“You’ve just gotta have a short memory. Just focus on the next shift.”
“I saw it a couple of times on the replay, but I knew he was looking for me and I don’t know if I kind of misjudged the pass a little bit or if it hit the defensemen’s stick, but the puck slowed down a little bit. I was kind of in the movement of shooting and it kind of slowed down and I didn’t really have the patience to settle the puck properly so I fanned on it a little bit.”
The goal would have given Carolina a 1-0 lead in a series clinching Game 5, and perhaps given the team an easier path to the finish line, but it was not meant to be.
The Swedish forward was upset with himself, mostly because he’s a team-first guy. He knew how important that first tally would have been for his teammates to relieve the pressure and put them in the driver’s seat.
“He was getting a little mad on the bench,” said Jesperi Kotkaniemi. “But that’s how great stories begin.”
Good players don’t dwell on goals that could have been. They get back up, go to work and keep competing.
Eventually, Fast’s time came again and this time he made it count with an overtime, series-winning stamp.
“I know it hit me, but I haven’t seen actually where it hit me,” Fast said. I felt it and then looked back and it was in the net. Then a lot of happy emotions. I just blacked out a little bit. I don’t know what I did, but I had a lot of guys coming at me. It was a good feeling. You just hear 20 guys coming at you screaming and then they gave me some punches there. A good memory.”
Some may call it fate, the way this Carolina Hurricanes team keeps finding unlikely heroes, and you know, maybe it is. Fast stated himself that he just had a feeling about his goal.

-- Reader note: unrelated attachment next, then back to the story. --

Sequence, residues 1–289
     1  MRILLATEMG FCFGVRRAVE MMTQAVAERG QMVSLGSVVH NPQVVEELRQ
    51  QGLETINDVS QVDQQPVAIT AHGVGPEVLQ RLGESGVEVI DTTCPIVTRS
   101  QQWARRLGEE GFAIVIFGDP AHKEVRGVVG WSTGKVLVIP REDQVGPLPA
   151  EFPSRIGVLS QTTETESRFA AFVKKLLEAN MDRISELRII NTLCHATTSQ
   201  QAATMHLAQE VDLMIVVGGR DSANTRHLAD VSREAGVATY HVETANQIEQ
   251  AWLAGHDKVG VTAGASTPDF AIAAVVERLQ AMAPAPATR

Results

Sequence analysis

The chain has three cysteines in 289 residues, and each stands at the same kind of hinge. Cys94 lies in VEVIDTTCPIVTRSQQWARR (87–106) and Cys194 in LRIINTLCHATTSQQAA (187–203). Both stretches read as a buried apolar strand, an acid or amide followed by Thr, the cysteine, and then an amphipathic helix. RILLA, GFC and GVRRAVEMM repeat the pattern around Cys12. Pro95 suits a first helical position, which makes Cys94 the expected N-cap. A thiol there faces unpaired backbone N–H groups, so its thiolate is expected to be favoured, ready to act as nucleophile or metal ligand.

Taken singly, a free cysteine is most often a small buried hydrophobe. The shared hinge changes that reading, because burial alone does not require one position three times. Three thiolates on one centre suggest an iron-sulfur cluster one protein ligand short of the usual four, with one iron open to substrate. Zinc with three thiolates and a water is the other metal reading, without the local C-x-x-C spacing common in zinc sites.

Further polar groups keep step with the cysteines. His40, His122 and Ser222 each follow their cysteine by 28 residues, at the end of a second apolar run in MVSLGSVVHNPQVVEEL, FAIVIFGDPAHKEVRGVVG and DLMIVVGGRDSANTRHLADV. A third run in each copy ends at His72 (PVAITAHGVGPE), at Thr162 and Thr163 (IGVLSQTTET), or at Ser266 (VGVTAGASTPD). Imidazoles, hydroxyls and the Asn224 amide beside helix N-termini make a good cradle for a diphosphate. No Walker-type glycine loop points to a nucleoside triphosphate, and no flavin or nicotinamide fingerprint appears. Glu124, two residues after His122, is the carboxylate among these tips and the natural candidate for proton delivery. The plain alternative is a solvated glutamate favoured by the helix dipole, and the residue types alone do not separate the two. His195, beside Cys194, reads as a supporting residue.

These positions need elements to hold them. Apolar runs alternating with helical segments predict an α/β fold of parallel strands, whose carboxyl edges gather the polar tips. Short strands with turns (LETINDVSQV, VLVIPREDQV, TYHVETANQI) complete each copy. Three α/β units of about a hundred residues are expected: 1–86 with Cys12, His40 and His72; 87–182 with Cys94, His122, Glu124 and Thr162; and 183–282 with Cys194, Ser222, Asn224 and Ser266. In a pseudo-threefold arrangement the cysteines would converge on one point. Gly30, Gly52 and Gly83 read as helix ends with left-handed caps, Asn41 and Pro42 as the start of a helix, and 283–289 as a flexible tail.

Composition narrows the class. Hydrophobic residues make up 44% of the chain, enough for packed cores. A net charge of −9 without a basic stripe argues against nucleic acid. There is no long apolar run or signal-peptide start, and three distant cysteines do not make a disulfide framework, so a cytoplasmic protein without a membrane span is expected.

“I had a weird feeling going into overtime,” Fast said on his goal. “I missed two kind of good opportunities, so I felt like the next one was going to go in.”
And the fact that he was even on the power play was a decision that Brind’Amour had only made recently, just to have another righty on the ice with the second power play unit.
In fact, that unit almost didn’t even see the ice in overtime.
“It was interesting because we had a minute there, we had our timeout, and me and Jeff [Daniels] were talking about whether or not to take our timeout and let these guys go, but I was like, ‘No,’” Brind’Amour said. “Stastny is a great faceoff guy and it was just kind of a feel. Let’s just let these guys get a crack at it. He won the draw and they run their set. Fast’s been thrown on there, doesn’t play much on the power play, but I know one thing. He’s going to stand in front and he got rewarded for it.”
Sometimes, things just seem to fall into place.
Overall, Fast has had a tremendous postseason for the Hurricanes. Not just with his defensive game that he is known for, but also for the emergence of himself as a true offensive weapon.
The Swede is now tied for the team lead in goals with five and those have all come in different ways and different scenarios. Fast has scored shorthanded, at even-strength, into an empty net, once in overtime before, and now on the power play, in overtime, to clinch a series.
Even outside of the goals, the defensive winger has stayed true to his roots.
Fast still had a job to do, namely erasing New Jersey’s top player, and he was damn good at it throughout the series, helping to make Jack Hughes and Nico Hischier non-factors for the majority of games.
Just take last night. He played a hard and grindy game, with four shots and six hits in 16:07 of ice time and from that hard work, he was rewarded.
“His play on the ice, you see the effort every night,” said head coach Rod Brind’Amour. “It never deviates. I just love when those guys get rewarded like this and get their due. Had a great series and has had a great playoffs.”
Fast might not be the flashiest of players, nor is he the most talented, but he’s the kind of player any winning team needs. A selfless and devoted skater who does whatever it takes to help the team win.
Whatever the scenario and whatever the situation, you know whenever Fast hits the ice, he’s going to do his job and do it to the best of his abilities. It’s just what he does.
Now halfway to the ultimate goal, players like Jesper Fast are proving just how valuable they are.